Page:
1. -50 percent of one or more aliphatic polyols of 3 or 4 hydroxyl groups and 3-6 carbon atoms, and

2. 100-50 molar percent of a diol component consisting essentially of:

a. at least 70 molar percent of one' or both of ethylene glycol and 1,2-propanediol, and

b. 0-30 molar percent of one or more other aliphatic or cycloaliphatic diols whose hydroxyl groups are separated by 2-8 carbon atoms and 0-2 of the carbon atoms in the chain are substituted by oxygen atoms which are separated from each other and from the hydroxyl groups by at least 2 carbon atoms, and

II. an acid mixture consisting essentially of:

1. 80-20 molar percent of at least one aromatic or cycloaliphatic dicarboxylic acid whose carboxyl groups are positioned ortho or meta or a functional acid derivative thereof convertible to an ester of the alcohol reactant, and

2. 20-80 molar percent of at least one saturated aliphatic dicarboxylic acid of 4-12 carbon atoms or a functional acid derivative thereof convertible to an ester of the alcohol reactant the improvement wherein the coating composition contains from 0-20 percent solvent and the polyester has an average molecular weight of 200-400.

.2. An unpigmented coating composition according to claim 11 containing 0-10 percent by weight of a solvent wherein the ester component is produced by the esterification of an alcohol reactant consisting of 0-30 molar 14 percent of the polyol component and 100-70 molar percent of the diol component.

3. An unpigmented coating composition according to claim 11 containing O-lO percent by weight of a solvent wherein the ester component is produced by the esterification of an acid mixture consisting essentially of -30 molar percent of the aromatic or cyclo-aliphatic dicarboxylic acid component and 30-70 molar percent of the saturated aliphatic dicarboxylic acid component.

4. A pigmented coating composition according to claim 1.

5. A coating composition according to claim 4 wherein the ester component is produced by the esterification of an alcohol reactant consisting solely of one or both of ethylene glycol and 1,.2-propanediol.

6. A coating composition according to claim '4 wherein the saturated aliphatic dicarboxylic acid contains 4-6 carbon atoms.

7. A coating composition according to claim 4 wherein the aromatic or cycloaliphatic dicarboxylic acid portion of the acid mixture is phthalic anhydride.

8. A coating composition according to claim 6 wherein the saturated aliphatic dicarboxylic acid is adipic acid.

9. A coating composition according to claim 4 wherein the binder consists essentially of 40-20. percent by weight of component A and 60-80 percent by weight of component B. I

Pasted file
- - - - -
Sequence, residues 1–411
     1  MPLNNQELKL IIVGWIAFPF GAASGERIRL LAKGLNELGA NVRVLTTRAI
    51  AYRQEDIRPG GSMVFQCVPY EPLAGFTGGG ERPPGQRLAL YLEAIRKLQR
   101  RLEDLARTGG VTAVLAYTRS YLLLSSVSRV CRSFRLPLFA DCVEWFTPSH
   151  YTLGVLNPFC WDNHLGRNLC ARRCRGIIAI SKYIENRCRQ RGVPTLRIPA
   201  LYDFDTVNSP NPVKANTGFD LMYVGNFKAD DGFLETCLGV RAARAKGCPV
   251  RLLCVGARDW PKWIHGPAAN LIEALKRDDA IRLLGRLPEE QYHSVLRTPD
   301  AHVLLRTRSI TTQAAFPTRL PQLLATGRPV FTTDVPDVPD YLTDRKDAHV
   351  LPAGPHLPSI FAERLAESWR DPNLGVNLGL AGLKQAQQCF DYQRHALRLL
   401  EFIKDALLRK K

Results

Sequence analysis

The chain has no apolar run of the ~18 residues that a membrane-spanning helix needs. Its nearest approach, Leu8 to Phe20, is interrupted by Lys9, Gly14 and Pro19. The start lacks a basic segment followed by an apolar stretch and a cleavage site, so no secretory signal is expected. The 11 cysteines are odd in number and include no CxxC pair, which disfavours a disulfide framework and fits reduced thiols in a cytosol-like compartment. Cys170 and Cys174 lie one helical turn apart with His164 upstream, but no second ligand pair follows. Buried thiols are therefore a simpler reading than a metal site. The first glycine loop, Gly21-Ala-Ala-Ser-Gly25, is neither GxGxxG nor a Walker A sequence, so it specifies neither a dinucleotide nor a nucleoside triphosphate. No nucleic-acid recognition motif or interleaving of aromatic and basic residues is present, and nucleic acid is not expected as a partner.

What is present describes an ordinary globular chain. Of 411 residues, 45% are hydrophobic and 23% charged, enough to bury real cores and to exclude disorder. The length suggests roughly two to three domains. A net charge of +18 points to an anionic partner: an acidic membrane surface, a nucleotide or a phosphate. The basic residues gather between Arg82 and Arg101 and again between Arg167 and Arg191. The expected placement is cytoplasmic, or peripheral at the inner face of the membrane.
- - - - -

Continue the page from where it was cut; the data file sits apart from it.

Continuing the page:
10. A coating composition according to claim 4 wherein component A is one or more low-molecular weight aminoplast precursors which are liquid at 20 C.

11. A coating composition according to claim 10 wherein component A is a hexamethylol melamine derivative which is a liquid at 20 C. and which is partially etherified with an alcohol containing l-4 carbon atoms.

12. A coating composition according to claim 1 wherein the binder consists essentially of 40-20 by weight of component A and 60-80 percent by weight of component B, component A being one or more lowmolecular weight aminoplast precursors which are liquid at 20 C. and component B being an ester produced by the esterification of an acid mixture consisting essentially of 70-30 molar percent of phthalic anhydride and 30-70 molar percent of adipic acid and an alcohol reactant consisting essentially of one or both of ethylene glycol and propylene glycol.

13. A coating composition according to claim 12 wherein component A is a hexamethylol melamine derivative which is a liquid at 20 C. and which is partially 'etherified with an alcohol containing 1-4 carbon atoms.

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Referenced by
Citing PatentFiling datePublication dateApplicantTitle
US4024100 *Feb 12, 1975May 17, 1977Bayer AktiengesellschaftPolysiloxane modified coatings
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Classifications
U.S. Classification524/539, 525/519, 524/296, 528/302, 524/285, 525/443, 524/314
International ClassificationC08G63/18, C08G63/20, C09D167/00
Cooperative ClassificationC09D167/00, C08G63/20, C08G63/18
European ClassificationC09D167/00, C08G63/20, C08G63/18